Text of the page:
Living Green

It's not just a color, it's a way of life

We may know the basics when it comes to living green: reduce, reuse, recycle. But what does "living green" actually mean in our everyday lives? Gerber Life answers that question with real-life examples of small changes and choices you can make on a daily basis to positively impact the environment. Examples of living green include packing your children's lunches in reusable containers and using canvas bags when you go grocery shopping. By watching for our online articles on topics such as these, Gerber Life makes it even easier to adopt a green lifestyle.

  1. How to Avoid Electric Bill Shock

    Electric bill shock will typically come to those who wait. Why wait when you already know that unpleasant surprises are waiting for you? You may want to review helpful devices that estimate electricity consumption in your home or business.

    After all, how can you save energy if you don’t know how much power you’re using? If your answer is “It’s impossible,” you’re right. Yet, there are ways to eliminate this uncertainty. Some help already exists and more is on the way.

    The PowerCost Monitor™

    This high-tech, but amazingly simple device offers real world feedback to you about how much electricity your home is using. The device tells you in both dollars and kilowatts (KW) what is happening consumption-wise in your house or office.

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    Categories: Living Green
  2. Daily Recycle Habits Save Money and the Environment

    Learning to adopt a daily recycle habit is easier than many other beneficial behaviors. Compared to quitting smoking, becoming a thoroughly positive person, or going back to college after years away from school, helping to create a healthy environment is a walk in the park.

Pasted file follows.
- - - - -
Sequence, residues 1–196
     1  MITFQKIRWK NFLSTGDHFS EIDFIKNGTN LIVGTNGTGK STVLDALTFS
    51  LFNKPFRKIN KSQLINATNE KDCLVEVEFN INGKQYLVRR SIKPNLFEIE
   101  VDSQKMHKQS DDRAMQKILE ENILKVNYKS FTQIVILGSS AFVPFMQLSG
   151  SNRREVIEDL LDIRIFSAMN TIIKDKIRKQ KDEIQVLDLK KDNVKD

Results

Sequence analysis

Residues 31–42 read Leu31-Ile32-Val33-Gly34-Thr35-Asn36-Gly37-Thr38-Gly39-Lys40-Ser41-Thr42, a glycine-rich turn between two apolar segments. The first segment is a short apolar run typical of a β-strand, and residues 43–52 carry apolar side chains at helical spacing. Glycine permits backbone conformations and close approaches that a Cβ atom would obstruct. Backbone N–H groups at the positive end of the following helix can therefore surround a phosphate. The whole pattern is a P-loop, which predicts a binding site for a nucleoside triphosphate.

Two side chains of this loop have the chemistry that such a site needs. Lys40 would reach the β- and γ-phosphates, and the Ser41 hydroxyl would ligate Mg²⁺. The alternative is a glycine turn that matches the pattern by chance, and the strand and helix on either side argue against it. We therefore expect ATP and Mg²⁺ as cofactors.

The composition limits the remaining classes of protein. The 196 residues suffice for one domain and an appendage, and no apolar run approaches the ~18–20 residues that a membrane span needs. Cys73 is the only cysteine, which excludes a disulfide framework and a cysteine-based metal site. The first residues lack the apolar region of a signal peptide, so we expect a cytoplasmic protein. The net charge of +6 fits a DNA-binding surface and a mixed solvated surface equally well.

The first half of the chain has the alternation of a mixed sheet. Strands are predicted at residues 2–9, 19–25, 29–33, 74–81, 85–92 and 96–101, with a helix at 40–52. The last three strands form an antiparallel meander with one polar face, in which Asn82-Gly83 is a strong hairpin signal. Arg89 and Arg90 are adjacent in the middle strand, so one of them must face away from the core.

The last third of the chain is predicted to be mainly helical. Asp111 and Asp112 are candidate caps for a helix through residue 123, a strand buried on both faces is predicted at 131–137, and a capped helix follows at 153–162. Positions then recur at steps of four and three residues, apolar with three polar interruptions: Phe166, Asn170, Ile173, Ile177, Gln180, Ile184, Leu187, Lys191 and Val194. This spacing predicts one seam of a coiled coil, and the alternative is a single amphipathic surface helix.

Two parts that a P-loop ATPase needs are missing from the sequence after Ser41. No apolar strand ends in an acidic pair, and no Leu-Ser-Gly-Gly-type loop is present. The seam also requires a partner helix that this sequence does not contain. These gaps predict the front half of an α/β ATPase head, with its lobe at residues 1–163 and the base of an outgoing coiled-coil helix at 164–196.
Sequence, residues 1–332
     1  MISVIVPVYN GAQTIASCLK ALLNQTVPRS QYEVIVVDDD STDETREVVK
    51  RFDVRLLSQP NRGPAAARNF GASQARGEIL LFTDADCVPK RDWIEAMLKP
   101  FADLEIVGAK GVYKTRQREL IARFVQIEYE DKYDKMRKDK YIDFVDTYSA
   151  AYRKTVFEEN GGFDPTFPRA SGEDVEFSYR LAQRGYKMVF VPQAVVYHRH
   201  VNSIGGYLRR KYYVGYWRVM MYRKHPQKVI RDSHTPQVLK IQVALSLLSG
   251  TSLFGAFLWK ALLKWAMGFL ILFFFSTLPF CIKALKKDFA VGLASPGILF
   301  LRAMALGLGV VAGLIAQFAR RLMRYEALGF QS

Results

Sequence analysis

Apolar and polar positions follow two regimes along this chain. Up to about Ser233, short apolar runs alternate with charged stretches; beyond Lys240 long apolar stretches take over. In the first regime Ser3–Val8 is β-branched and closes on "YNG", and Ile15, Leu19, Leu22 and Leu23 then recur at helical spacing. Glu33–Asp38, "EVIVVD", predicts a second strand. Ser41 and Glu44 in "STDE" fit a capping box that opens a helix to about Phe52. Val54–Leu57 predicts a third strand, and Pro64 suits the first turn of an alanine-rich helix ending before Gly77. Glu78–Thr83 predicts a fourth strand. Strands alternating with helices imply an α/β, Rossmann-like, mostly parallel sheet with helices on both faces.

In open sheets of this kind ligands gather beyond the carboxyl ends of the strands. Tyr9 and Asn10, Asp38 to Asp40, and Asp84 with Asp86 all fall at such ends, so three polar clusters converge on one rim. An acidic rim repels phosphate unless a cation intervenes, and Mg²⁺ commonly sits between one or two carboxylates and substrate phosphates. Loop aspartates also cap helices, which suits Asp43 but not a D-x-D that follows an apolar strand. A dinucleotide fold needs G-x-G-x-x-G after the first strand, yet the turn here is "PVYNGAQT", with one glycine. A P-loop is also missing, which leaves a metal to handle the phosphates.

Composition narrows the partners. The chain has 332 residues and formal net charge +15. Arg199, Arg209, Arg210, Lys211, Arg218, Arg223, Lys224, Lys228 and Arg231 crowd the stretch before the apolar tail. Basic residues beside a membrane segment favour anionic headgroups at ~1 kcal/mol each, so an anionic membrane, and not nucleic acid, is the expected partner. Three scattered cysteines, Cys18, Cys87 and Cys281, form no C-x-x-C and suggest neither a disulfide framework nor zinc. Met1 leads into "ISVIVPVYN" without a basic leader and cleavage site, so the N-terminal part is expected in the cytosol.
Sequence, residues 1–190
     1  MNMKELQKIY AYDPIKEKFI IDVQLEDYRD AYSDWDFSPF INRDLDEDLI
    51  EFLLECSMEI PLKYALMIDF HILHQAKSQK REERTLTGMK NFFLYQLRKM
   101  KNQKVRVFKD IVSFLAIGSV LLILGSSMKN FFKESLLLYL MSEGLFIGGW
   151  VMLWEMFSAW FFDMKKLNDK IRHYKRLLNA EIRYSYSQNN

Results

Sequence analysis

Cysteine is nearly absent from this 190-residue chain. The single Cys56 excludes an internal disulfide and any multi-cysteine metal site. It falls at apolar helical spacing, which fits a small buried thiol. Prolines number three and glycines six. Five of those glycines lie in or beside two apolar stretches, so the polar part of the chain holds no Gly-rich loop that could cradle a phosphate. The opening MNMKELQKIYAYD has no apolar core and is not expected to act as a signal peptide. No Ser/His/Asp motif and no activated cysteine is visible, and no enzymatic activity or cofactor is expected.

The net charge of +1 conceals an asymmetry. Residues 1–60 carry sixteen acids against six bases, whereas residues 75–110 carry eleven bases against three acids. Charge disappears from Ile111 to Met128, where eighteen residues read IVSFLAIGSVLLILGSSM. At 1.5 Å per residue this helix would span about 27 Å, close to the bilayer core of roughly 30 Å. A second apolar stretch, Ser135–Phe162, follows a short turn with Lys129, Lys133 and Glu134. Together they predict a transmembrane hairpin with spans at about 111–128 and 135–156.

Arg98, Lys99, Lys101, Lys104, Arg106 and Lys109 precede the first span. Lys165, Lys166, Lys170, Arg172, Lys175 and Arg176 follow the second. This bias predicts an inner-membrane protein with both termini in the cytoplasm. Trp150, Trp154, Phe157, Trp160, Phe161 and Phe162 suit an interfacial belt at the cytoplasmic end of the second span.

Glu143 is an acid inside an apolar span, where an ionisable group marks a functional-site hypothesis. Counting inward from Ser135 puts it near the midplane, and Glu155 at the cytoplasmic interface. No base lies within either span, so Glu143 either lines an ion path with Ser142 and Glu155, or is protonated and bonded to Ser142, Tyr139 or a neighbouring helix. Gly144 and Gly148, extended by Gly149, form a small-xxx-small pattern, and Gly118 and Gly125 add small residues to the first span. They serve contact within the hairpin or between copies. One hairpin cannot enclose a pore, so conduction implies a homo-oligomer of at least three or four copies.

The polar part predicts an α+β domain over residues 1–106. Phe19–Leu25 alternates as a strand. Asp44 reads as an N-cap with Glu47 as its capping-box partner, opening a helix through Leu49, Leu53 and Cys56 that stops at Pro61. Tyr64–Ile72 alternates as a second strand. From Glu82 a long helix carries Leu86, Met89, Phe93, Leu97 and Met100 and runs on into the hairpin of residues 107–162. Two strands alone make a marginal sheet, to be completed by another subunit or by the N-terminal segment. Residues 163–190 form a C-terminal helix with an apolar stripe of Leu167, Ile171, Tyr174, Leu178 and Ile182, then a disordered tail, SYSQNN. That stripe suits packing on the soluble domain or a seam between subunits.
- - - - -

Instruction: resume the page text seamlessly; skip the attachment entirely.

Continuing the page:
Establishing the Recycle Habit

    You may have heard that new habits can be formed in as little as 10 to 14 days. Everyday conservation and recycling can fit into this fast and easy time frame. These few tips will make it even easier and successful.

    Simple Recycling Suggestions

    • Get everyone involved. If you have a spouse and/or family, get them all involved, even small children. After a short period, everyone in your household will be consistent recyclers.
    • Locate a good area for recycle bins. While you needn’t prominently display your recycle bins, put them in a convenient place to promote the recycling habit and make it convenient to regularly (daily is good) deposit your goodies.
    • Learn to identify types of plastic (marked on bottom of containers). Many plastic products are recyclable, but some are not. Plastic containers come with their “code” number at or near the bottom. Learn which are recycling candidates and which are not. If possible, reuse those that cannot be recycled.
    • Do it daily. Like most habits, daily recycle activities must be practiced. Urge all family members to perform their particular recycling task daily. This keeps your home neat and hastens recycle habit development.
    • Recycle newspapers, magazines, and junk mail. These items can all be recycled, but keep them dry whenever possible. Newsprint and ink can degrade and “run” when wet. Even newspaper stock can break down when saturated. If possible, tie up these items with a piece of biodegradable string for easy handling.

    To further a healthy environment, opt out of receiving junk mail (opt-out.cdt.org), which reduces your paper recycle volume, saves trees, and requires less fuel to transport your donations to the dump or recycling collection station.

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    Categories: Living Green